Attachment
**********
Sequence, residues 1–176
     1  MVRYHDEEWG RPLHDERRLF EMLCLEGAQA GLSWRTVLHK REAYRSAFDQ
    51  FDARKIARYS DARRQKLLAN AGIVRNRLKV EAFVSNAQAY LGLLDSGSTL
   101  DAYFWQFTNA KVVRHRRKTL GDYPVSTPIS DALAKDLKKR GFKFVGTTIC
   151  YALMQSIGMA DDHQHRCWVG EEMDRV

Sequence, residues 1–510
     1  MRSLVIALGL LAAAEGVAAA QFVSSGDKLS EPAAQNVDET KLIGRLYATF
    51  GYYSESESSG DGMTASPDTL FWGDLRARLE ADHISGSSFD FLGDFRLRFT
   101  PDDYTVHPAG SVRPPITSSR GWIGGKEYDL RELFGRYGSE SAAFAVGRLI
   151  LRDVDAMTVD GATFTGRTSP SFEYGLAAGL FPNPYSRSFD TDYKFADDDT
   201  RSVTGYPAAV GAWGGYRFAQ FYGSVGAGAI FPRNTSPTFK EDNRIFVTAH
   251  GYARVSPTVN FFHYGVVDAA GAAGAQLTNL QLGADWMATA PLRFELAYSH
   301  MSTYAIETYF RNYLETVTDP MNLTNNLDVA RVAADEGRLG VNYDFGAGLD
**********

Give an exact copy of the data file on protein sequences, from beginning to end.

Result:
Sequence, residues 1–176
     1  MVRYHDEEWG RPLHDERRLF EMLCLEGAQA GLSWRTVLHK REAYRSAFDQ
    51  FDARKIARYS DARRQKLLAN AGIVRNRLKV EAFVSNAQAY LGLLDSGSTL
   101  DAYFWQFTNA KVVRHRRKTL GDYPVSTPIS DALAKDLKKR GFKFVGTTIC
   151  YALMQSIGMA DDHQHRCWVG EEMDRV

Sequence, residues 1–510
     1  MRSLVIALGL LAAAEGVAAA QFVSSGDKLS EPAAQNVDET KLIGRLYATF
    51  GYYSESESSG DGMTASPDTL FWGDLRARLE ADHISGSSFD FLGDFRLRFT
   101  PDDYTVHPAG SVRPPITSSR GWIGGKEYDL RELFGRYGSE SAAFAVGRLI
   151  LRDVDAMTVD GATFTGRTSP SFEYGLAAGL FPNPYSRSFD TDYKFADDDT
   201  RSVTGYPAAV GAWGGYRFAQ FYGSVGAGAI FPRNTSPTFK EDNRIFVTAH
   251  GYARVSPTVN FFHYGVVDAA GAAGAQLTNL QLGADWMATA PLRFELAYSH
   301  MSTYAIETYF RNYLETVTDP MNLTNNLDVA RVAADEGRLG VNYDFGAGLD